Friday, October 28, 2016
The Season Of Mourning
Cherie was the oldest of the four children in our family, and I was the youngest, but the six year gap in our ages never bothered her. My sister carted me around on her hip, let me play with her pet parakeets and snuck food into my room whenever I was banned from the dinner table for talking back to my parents. Those tiny care packages wrapped in paper napkins were offerings of love and sympathy from a sister who knew all too well the wrath of parental punishment.
So much of my childhood was spent in my sister's room. We shared hours together cutting out patterns for Betsy McCall Paper Dolls, drawing Arabian horses on her giant sketch pad, and singing along to her Herman's Hermits albums. She taught me how to play Crazy Eights and War, and sometimes our marathon card games lasted long past my bedtime. Her room was my sanctuary; a peaceful place that smelled of sandalwood incense, leather, and fresh paint from her art set. Every inch of wall was covered with posters of Jimi Hendrix, The Doors, peace signs and slogans protesting the Vietnam War. At night, she'd turn on a black light that made the patterns on her psychedelic posters come alive in the eerie blue glow from the lamp. We told stories in the dark and dreamed of faraway places where mythical creatures lived. And in that dim blue light, we made promises to be there for one anther no matter what happened in the future.
Our relationship evolved the way long term friendships do----with immeasurable trust and a strong sense of loyalty toward one another. We fought occasionally as all siblings do, but neither one of us carried a grudge. All it took was a joke or a funny face, and within minutes we'd be laughing over the absurdity of the argument. She understood me better than most, and never judged me for my failings. She always had my back and defended me at every turn. We often joked that we were the black sheep of the family----so different from our siblings and parents, but in truth, it's what bonded us from the beginning.
Once we grew older, got married and had families, I didn't see Cherie as much. We were both caught up in work and raising our families with little time to visit one another. Her life was not an easy one; she went through two difficult divorces and ended up raising a son mostly by herself. Over the years she developed an eating disorder, along with several other health issues that appeared as a result of her obesity. I knew she was broken, but I didn't know how to fix her. I was battling my own eating disorder demons, and the painful reality of seeing myself in my sister's struggles was more than I could handle. I stood by helplessly as she spiraled downward into a vicious cycle of yo-yo dieting and emotional binge eating. It frustrated and frightened me to the point that I avoided her invitations to get together, especially if the outing involved food.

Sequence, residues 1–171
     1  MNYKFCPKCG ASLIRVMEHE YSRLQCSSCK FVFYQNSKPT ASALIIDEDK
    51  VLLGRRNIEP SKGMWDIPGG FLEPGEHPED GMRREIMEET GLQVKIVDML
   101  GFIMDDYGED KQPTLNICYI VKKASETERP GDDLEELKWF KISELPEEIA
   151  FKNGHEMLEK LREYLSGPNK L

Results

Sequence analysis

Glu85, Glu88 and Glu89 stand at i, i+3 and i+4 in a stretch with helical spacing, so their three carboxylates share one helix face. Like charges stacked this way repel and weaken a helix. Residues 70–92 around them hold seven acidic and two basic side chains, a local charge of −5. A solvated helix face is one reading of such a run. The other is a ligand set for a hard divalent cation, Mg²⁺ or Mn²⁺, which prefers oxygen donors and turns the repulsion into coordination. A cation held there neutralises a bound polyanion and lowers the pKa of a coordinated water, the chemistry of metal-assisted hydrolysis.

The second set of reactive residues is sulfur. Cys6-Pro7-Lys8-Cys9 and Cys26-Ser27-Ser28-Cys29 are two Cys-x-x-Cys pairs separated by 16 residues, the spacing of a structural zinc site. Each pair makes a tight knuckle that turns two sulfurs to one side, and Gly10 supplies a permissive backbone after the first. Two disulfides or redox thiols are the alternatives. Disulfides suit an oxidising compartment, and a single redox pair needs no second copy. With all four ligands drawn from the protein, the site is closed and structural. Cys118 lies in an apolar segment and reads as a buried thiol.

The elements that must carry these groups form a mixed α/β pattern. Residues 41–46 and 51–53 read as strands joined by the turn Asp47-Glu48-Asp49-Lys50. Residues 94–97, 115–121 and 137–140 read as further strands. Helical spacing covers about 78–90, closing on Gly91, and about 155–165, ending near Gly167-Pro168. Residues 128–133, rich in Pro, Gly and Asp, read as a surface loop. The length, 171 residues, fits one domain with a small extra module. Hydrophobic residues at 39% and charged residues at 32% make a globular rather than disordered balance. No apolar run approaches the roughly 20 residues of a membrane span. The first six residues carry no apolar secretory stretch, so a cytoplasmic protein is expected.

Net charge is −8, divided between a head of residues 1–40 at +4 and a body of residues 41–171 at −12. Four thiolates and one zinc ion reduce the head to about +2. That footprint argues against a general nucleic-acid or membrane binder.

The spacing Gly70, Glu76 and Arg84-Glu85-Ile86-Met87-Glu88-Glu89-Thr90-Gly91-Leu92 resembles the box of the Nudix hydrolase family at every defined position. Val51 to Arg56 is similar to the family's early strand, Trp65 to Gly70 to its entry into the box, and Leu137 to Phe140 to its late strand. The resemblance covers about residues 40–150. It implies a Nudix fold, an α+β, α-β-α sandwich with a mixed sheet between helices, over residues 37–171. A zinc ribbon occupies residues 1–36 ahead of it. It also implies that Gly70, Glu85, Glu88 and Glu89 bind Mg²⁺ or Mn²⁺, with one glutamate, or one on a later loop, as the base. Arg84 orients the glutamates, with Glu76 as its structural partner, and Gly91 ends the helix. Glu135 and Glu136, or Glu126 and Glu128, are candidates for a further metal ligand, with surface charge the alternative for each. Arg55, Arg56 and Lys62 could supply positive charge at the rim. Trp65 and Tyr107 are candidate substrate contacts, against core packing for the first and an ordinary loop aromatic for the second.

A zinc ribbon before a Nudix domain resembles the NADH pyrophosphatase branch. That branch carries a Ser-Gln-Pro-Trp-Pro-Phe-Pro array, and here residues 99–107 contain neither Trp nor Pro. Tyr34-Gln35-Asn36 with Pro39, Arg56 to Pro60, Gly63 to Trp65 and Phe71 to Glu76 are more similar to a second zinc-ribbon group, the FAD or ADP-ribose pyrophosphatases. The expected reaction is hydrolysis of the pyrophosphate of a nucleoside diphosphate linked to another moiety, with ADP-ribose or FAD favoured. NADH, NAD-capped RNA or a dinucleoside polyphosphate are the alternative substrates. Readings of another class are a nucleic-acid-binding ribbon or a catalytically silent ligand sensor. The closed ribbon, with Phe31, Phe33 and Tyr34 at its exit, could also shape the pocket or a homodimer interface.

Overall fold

Now I'm left with guilt and a deep sense of regret for turning away from the woman who was once my best friend. We knew each other so well, yet I ignored all the warning signs. It was too painful to acknowledge that my sister was slowly killing herself. She was lonely and unhappy, but I pretended not to see it because it was easier to live in denial. I blindly convinced myself that she would realize how much she had to live for, and that she'd seek professional help before spinning completely out of control.
In 2009, Cherie succumbed to pneumonia during the early hours of Halloween. I hovered over her hospital bed when she was in a coma and prayed that she would open her eyes. Even during her final moments, I refused to believe that she would never wake up. I thought of all the things we needed to do together, and promised her that once she was well enough to leave the hospital, that I would take her up on her invitations to feed the hummingbirds at Butterfly World, sip margaritas at our favorite Mexican restaurant, bake cinnamon rolls together in her kitchen and do "movie nights" once a month to watch all the classics from her extensive video collection.
Her heart gave out as I stood by her bed, and the shrill buzz from the hospital monitor after she passed away still haunts me to this day. The tears I shed were not from sorrow, but anger. Anger at her for giving up too soon, and anger at myself for not keeping my childhood promise to be there for her whenever she needed me.
Although it has been seven years, the grief still lingers. Cherie was so many parts of me, and now that she's gone, it feels as if I've undergone a partial amputation of my heart. The wound will heal in time, but the scar it leaves behind will be a reminder of the gentle spirit that once graced my life with a love that only a sister can understand.
This fall as I watch the leaves turn to golden hues and scatter across the sky, I think of Cherie. And I will never, ever stop missing her.